We’ve talked about what to bring, and where to find it. I didn’t mention what we do with it after it gets here, though. There are so many fecal specimens run through our laboratory every day that I just take it for granted. I shouldn’t be doing that, though.
Here’s what happens: about a teaspoonful of poop gets dissolved in a half-ounce of concentrated zinc sulfate solution. This will make the microscopic worm eggs float to the top, just like those people you see bobbing on the surface of the Great Salt Lake or the Dead Sea. Then, the whole mess gets filtered through some gauze into a plastic tube, like those in the foreground. [Yes, that is a messy, nasty job.] The tubes go into the centrifuge, where spinning at high speed puts the heavy poop-stuff down in the bottom of the tube, letting all the cute little eggs float to the top by themselves. Then you look at the top drop under the microscope. All the eggs in the whole sample are in that one little drop, so you should be much more likely to find them than if you just took a smear of poop and looked at that under the microscope.
There are some protozoa (microscopic one-celled animals) that are destroyed by the salts in the flotation process, so we do check a smear under the microscope, too. Overall, though, that’s like checking a handful off a truckload — maybe that truck is full of soybeans, maybe it’s full of motorcycles. You don’t know. That’s why we ask for a bigger sample than the tiny smear.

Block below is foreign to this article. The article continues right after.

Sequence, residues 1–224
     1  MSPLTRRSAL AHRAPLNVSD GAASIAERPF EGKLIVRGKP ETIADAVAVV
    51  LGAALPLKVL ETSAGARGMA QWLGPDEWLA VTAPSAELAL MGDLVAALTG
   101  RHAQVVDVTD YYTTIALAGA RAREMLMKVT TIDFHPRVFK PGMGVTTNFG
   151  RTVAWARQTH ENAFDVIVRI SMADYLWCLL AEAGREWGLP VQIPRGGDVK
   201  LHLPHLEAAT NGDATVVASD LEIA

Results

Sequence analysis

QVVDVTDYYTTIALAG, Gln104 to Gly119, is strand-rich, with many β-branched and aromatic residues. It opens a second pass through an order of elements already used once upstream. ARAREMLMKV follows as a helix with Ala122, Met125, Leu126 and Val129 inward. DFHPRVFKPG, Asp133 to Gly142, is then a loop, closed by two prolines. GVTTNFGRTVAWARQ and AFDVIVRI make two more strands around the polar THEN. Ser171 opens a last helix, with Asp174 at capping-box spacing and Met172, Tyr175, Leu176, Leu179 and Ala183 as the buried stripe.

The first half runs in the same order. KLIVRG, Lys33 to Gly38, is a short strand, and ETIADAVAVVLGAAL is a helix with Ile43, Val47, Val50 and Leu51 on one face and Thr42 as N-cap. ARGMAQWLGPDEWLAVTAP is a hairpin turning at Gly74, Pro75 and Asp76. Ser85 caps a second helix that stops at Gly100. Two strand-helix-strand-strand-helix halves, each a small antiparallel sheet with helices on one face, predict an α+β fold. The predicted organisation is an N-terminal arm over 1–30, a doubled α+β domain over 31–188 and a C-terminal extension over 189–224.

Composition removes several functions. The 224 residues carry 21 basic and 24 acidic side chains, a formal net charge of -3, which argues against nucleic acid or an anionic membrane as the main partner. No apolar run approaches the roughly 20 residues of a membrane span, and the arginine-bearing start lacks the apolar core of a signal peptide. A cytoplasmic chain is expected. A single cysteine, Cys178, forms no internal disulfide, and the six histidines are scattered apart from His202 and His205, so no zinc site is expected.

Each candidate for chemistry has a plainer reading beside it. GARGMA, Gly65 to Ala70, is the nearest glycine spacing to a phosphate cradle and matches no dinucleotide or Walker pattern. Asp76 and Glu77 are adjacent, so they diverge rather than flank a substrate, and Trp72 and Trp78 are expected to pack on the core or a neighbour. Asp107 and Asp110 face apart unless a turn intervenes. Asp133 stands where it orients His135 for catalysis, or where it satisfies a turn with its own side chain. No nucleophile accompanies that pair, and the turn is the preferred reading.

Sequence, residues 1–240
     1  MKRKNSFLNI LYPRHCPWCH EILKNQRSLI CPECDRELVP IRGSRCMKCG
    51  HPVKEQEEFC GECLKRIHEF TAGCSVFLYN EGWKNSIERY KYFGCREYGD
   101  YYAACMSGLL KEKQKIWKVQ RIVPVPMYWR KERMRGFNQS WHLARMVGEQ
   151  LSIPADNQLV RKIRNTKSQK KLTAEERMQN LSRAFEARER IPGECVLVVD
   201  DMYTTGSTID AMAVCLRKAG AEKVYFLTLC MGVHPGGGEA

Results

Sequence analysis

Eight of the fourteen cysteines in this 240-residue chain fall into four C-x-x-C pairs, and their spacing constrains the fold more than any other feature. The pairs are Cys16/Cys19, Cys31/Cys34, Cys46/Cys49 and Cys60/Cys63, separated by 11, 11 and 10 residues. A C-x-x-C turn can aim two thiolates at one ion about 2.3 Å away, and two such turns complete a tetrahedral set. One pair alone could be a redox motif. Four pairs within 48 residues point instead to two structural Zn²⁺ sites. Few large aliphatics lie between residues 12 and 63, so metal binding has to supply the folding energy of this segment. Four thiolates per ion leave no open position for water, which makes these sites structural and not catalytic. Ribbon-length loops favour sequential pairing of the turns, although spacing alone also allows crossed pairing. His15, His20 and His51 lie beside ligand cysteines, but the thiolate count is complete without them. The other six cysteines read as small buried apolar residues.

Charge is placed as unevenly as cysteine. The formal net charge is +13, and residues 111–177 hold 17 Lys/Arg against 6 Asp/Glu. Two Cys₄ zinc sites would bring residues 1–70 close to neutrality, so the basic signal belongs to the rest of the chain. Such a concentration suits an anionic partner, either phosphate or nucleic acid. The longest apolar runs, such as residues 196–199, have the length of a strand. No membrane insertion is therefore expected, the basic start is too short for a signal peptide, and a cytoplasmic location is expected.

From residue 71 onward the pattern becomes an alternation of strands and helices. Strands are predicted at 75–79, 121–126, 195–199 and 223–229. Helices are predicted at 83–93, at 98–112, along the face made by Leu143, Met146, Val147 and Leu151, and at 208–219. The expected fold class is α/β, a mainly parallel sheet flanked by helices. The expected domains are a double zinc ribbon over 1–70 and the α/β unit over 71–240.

This is Dr. Don Schmidt (one of nature’s noblemen), who taught me all of the above about 30 years ago. That’s the way I’ve always done it. The centrifuge in the first picture was purchased in 1979 and the old war-horse is still going (the centrifuge, not me… well, me, too, I guess).
Imagine my surprise when I attended the gastro-intestinal disease seminar last week and the presenter was selling this as a new idea. He didn’t exactly say it was new; in fact, he said "We’ve known this since the seventies". What was news to me was how few veterinarians have apparently been doing it. You can just look at smears, or you can just let the little eggs float to the top without centrifuging. You miss half of what you’re looking for, but you could do that. Dr. Todd Tams is a GI specialist, and the chief medical officer for the VCA-Antech chain of corporate veterinary hospitals. He made flotation with centrifugation standard practice in the chain just five years ago.
Dr. Schmidt told me what to do, and I’ve been doing it ever since. Unlike some of my other education, which has been superseded by new information, I find I’ve been ahead of the curve by just doing what I learned 30 years ago. How weird is that?